Kensington - Commentary
by Craig Love, on September 17, 2021
It has been largely expected by market participants that the Fed would soon announce the start of tapering (reduction of asset purchases). However, the weak Nonfarm Payroll print on September 3rd has clouded the outlook for a taper timeline. Although the labor market has made substantial progress during the recovery, fears of the Delta COVID variant may have been a likely driver for the miss in job gains for August (235K actual against a 725K consensus estimate). As shown in Figure 1 below, job growth in high contact, Covid-sensitive sectors suffered the most.
Figure 1. Monthly job growth by sectors. Sources: BLS, Bloomberg
Employment growth has been a focus of the Fed, so the disappointing job statistics suggest the Fed could push back the taper timeline and remain more accommodative until the desired improvement in labor statistics is achieved. On the other hand, the more hawkish Fed members argue that higher-than-expected wage growth and other factors are driving inflationary pressures and therefore warrant that tapering begin sooner rather than later.
Despite these concerns and an uncertain outlook, prices of financial assets continued to rise, notwithstanding some turbulence in the month of August. There are some similarities with the current macro environment to the few years prior to 2016, albeit occurring in a more compressed time period. Equities continued to perform well through 2013 and 2014, even in the face of tapering and a rising 2-year Treasury yield. It wasn’t until 2015 that equity returns faltered at the announcement of a rate hike occurring at a time of slowing economic growth and an energy crisis driven by an oil supply glut. Currently, the 2-year has started to rise from levels earlier this year, and the discussion of tapering is at the forefront, but the timeline of rate hikes is far from imminent.
One of the more sensitive asset classes to the economic cycle is high yield bonds. The recent surge in demand for lower quality credit has driven the par-weighted average price of the Bloomberg High Yield Corporate Bond Index to a level not seen since the 2013-2014 period. As can been seen in Figure 2 below, high yield is now trading at a historically high premium above par value. Although this would suggest tempered upside expectations, it is important to remember that economic growth remains strong. This was not true at prior valuation peaks. Should economic growth remain steady and default rates low, the high yield asset class may not be as adversely affected by the prospect of tapering.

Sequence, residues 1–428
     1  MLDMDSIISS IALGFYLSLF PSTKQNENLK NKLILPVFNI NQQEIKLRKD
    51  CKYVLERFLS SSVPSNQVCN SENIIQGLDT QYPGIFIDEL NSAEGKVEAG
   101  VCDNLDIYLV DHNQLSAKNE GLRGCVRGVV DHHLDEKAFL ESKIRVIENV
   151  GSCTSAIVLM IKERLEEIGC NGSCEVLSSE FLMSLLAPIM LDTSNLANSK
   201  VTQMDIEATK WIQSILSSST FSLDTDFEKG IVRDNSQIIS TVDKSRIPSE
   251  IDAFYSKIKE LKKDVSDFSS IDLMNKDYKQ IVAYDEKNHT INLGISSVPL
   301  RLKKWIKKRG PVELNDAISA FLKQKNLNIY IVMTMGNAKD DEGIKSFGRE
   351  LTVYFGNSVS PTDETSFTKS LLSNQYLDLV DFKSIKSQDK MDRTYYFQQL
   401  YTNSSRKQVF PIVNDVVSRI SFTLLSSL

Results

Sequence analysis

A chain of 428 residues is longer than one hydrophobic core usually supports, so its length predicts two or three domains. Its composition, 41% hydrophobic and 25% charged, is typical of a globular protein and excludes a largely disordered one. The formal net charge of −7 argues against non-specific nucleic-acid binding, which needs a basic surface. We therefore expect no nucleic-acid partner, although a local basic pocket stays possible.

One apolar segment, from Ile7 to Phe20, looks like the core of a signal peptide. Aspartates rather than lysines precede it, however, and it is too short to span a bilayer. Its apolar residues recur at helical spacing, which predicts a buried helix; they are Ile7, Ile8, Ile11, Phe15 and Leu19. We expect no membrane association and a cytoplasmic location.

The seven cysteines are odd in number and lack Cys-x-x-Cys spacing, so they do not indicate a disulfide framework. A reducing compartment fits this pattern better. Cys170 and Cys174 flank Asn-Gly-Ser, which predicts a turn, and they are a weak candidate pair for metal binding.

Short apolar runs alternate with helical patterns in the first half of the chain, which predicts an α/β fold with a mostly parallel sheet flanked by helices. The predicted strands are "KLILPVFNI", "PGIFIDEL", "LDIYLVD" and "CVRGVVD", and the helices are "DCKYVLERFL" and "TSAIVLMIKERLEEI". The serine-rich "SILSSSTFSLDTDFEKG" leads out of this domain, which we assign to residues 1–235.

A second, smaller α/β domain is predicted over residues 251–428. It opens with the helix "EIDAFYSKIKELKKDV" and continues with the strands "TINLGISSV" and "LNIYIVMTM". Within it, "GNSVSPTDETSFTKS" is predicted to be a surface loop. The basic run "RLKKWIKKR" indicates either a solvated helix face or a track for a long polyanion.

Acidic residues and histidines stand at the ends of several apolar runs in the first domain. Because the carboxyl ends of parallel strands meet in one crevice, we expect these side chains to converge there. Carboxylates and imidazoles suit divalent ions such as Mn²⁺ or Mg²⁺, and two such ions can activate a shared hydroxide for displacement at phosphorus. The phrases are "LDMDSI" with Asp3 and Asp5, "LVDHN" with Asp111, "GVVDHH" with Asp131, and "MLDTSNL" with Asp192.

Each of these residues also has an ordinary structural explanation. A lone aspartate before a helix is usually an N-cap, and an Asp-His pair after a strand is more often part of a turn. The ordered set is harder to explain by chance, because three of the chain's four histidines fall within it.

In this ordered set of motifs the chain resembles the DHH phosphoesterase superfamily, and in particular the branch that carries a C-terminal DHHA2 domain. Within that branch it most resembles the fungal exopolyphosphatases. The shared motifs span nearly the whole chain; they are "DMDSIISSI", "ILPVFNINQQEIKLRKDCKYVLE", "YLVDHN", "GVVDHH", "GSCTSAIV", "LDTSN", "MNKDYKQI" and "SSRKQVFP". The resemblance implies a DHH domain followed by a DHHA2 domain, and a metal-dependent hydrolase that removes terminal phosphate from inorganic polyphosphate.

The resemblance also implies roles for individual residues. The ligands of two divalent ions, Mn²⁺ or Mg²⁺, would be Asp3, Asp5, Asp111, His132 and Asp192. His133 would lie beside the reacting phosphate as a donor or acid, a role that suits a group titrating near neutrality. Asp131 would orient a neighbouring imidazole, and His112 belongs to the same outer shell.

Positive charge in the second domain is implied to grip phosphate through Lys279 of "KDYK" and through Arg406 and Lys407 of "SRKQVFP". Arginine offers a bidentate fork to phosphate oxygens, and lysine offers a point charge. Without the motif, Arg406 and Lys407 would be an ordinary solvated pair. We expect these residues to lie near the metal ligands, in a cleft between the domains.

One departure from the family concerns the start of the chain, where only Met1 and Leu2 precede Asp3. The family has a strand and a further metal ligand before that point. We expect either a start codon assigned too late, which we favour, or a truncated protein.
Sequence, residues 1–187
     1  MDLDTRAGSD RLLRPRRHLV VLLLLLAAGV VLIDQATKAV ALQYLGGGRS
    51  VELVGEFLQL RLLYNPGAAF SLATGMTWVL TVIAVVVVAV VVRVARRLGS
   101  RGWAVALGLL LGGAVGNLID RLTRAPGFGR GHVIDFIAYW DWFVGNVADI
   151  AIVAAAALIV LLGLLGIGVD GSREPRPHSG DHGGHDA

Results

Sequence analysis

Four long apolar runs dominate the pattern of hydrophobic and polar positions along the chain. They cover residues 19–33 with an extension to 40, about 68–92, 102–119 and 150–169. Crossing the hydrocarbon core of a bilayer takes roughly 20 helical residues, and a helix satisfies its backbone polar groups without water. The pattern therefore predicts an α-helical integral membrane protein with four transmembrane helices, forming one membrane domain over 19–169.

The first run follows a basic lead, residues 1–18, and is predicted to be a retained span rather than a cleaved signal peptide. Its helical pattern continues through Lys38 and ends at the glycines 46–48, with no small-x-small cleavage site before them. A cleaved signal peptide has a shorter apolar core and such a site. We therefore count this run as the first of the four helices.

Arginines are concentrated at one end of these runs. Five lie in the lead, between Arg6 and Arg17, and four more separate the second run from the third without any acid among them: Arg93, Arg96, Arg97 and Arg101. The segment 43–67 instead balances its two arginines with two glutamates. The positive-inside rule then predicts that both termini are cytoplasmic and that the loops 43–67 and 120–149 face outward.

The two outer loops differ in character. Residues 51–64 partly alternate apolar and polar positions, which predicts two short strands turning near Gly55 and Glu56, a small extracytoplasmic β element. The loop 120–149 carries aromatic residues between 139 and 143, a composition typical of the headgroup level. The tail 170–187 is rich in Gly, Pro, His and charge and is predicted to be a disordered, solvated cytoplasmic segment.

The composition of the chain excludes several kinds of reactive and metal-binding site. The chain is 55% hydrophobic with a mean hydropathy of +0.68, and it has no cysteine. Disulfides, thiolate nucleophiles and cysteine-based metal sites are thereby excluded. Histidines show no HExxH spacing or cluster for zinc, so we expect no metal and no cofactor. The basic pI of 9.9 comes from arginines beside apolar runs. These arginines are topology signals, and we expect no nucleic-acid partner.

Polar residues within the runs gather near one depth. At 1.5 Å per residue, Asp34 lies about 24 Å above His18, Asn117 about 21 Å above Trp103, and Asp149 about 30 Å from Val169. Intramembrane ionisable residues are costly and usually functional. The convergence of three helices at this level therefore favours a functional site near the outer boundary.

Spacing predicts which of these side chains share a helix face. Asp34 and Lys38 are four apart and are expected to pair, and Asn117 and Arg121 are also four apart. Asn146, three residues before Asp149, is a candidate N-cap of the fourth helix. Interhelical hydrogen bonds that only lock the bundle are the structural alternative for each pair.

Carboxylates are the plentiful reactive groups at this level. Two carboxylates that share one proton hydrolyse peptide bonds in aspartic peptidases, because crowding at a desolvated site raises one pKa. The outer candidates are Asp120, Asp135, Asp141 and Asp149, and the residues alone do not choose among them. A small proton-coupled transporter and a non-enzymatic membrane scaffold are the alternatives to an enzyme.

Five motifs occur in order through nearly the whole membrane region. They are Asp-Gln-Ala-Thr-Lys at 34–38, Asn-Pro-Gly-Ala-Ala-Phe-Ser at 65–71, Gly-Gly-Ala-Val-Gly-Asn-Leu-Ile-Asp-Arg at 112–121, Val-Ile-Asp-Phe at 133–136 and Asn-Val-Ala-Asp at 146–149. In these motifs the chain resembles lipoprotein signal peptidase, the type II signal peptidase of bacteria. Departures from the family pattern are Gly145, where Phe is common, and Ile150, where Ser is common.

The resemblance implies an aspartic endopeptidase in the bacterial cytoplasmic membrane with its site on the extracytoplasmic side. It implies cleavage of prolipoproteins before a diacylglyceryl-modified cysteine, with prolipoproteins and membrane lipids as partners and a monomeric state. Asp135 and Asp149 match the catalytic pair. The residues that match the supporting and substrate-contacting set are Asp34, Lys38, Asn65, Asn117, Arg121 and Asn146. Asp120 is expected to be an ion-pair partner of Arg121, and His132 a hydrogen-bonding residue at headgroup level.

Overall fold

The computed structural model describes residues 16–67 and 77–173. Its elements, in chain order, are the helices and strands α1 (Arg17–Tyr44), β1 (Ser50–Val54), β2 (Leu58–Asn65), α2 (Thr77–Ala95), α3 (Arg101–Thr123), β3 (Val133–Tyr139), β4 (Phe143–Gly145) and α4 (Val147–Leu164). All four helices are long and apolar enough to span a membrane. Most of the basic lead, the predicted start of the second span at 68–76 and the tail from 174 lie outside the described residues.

Figure 2. Bloomberg High Yield Corporate Bond Index Par Weighted Average Price. Sources: Bloomberg
At Kensington Asset Management, we are always cognizant of the economic backdrop and its implications for the price trends of risk assets. We also recognize that markets rarely behave in line with intuitive expectations. That’s why we adhere to a strict model-driven process to tactically protect our clients’ investment principal, while striving to participate in rising market uptrends. In the face of a difficult market environment plagued with negative news and uncertainty, we are pleased that our process has successfully kept us appropriately positioned in a bullish mode, which has enabled our clients to benefit from the continued advance in asset prices.
Kensington Asset Management Team
Source: Kensington Asset Management